Utilization of the insulating cover 30 is not essential, and the formation of patterned regions of micro-plasma in accordance with the invention may be carried out without it, as illustrated by the apparatus 40 in FIG. 2. In the micro-plasma treatment apparatus of FIG. 2, the openings 24 in the dielectric layer 22 are exposed to the gas within the chamber 11 through the openings 27 in the electrode 26. The openings 27 in the electrode 26 may be formed smaller than the underlying openings 24 in the dielectric layer or, as shown in FIG. 2, may coincide with the underlying openings. The dielectric layer 22 may be formed in situ of a thin layer of insulating polymer material (e.g., polyimide spun on and cross-linked) with the electrode 26 formed as a metal layer (e.g., nickel) deposited on the insulating layer in a manner conventional in semiconductor processing, with the openings 24 and 27 formed by masking and etching steps in a conventional manner. The electrode 26 is thus patterned to correspond to the openings 24 in the dielectric layer 22 to thereby provide a patterned electric field between the electrode and the exposed surface of the substrate in the regions defined by the openings 24, and thereby to ignite and establish a plasma in the reactive gas in these regions.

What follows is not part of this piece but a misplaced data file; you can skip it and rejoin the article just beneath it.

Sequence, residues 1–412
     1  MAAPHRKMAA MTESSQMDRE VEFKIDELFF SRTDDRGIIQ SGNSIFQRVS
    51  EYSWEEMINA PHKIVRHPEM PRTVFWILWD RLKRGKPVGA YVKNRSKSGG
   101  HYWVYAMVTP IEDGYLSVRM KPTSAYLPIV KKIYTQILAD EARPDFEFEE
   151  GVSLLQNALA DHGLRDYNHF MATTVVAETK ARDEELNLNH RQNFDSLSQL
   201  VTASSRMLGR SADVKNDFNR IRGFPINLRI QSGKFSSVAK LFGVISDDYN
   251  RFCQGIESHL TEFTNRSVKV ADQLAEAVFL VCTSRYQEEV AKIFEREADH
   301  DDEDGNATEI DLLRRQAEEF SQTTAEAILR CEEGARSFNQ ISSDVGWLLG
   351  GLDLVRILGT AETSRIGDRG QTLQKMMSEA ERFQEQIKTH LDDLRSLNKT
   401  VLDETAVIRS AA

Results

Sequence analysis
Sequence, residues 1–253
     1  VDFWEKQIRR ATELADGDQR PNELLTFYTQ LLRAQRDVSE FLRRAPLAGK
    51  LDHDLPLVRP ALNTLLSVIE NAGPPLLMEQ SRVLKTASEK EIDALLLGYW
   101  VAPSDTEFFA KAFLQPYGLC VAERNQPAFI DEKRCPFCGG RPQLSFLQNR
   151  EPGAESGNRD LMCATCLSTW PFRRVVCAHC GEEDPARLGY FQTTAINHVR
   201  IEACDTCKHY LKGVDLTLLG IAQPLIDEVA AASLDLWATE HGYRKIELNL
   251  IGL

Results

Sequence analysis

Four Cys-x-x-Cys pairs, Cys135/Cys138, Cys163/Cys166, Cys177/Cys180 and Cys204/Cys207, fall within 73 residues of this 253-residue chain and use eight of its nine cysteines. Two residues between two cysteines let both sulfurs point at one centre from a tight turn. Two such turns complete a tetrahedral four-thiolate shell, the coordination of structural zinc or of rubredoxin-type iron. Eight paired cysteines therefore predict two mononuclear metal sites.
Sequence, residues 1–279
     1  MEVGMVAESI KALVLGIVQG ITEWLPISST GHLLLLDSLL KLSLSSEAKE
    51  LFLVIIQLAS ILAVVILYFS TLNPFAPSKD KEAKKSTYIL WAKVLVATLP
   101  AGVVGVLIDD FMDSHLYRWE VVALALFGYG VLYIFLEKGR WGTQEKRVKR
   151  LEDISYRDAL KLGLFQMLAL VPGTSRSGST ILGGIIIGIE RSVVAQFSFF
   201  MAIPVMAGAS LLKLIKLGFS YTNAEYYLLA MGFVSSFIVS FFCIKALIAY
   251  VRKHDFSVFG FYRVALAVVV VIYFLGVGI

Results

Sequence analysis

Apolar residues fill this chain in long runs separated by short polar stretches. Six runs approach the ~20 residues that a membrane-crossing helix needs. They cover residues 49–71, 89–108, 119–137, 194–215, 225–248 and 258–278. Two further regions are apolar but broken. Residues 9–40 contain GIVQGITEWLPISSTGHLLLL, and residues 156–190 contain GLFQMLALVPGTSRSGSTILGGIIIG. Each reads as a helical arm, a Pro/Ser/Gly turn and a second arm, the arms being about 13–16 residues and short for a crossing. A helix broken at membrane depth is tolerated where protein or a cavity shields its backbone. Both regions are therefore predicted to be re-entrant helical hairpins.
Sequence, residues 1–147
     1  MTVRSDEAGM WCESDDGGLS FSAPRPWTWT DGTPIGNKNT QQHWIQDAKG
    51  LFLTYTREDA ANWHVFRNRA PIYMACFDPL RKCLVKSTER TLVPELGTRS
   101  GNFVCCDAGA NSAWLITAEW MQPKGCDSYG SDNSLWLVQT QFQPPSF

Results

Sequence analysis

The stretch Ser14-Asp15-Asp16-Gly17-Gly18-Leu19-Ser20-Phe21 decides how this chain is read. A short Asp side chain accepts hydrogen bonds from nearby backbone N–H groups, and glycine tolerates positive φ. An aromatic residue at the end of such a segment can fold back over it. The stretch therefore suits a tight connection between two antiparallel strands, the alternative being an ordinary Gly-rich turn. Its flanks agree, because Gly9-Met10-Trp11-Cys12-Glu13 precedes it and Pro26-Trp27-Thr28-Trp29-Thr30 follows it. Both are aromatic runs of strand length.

A further embodiment of the invention is illustrated at 50 in FIG. 3. For purposes of illustration, the conductive plate 16 underlying the substrate 17, the vacuum chamber enclosure 11, the vacuum pump 12, the sources 13, and the power supply 31 and conductive connectors 32 and 33 of FIGS. 1 and 2 are not shown in FIG. 3, but may also be utilized for this apparatus. In the apparatus 50, the patterned plasma generating electrode comprises two separated electrode elements 51 and 52 which are supported in cantilevered fashion over the top surface 21 of the substrate by a holder 54. The holder 54 may be movable to support the electrode segments 51 and 52 for relative motion with respect to the surface of the substrate 16. The electrode segments 51 and 52 preferably have a flat bottom surface (and may be flat plates as shown) which can be positioned closely adjacent and parallel to the substrate surface 21. A reactive gas is supplied to the region of the electrode segments 51 and 52 and the substrate 17 and a voltage is applied between the electrode segments 51 and 52 and the substrate to establish a plasma between the electrode segments and the substrate. The voltage may be applied to the electrode segments 51 and 52 by a single voltage source at a single voltage level, or different voltages from multiple voltage sources (or the use of voltage dividers to provide multiple voltage sources from a single power supply) may be supplied to the electrode segments 51 and 52 to select the voltage that is applied between each electrode segment and the substrate. By appropriately selecting the size of the electrode segments 51 and 52, their spacing from the underlying surface 21 of the substrate, and the voltage applied to the electrode segments, the type of treatment that is carried out may be tailored, e.g., by operating the electrode segment 51 to carryout an anisotropic etch in a trench 56 while operating the electrode segment 52 to carry out an isotropic etch to form a trench 57 at the same time. The holder 54 provides a means for moving the patterned electrodes 51 and 52 with respect to the substrate to provide a selected etch pattern in the underlying substrate. A single electrode element 51 or 52 may also be used to function as a “probe” to etch or deposit in a desired pattern over the surface of the substrate. Further, an electrode of the type 51 or 52 may be used closely spaced from the surface, as discussed below, to plasma treat an entire substrate or a portion of it that has a conventional plasma masking layer applied thereto, with higher operating pressures than are permitted with conventional plasma processing.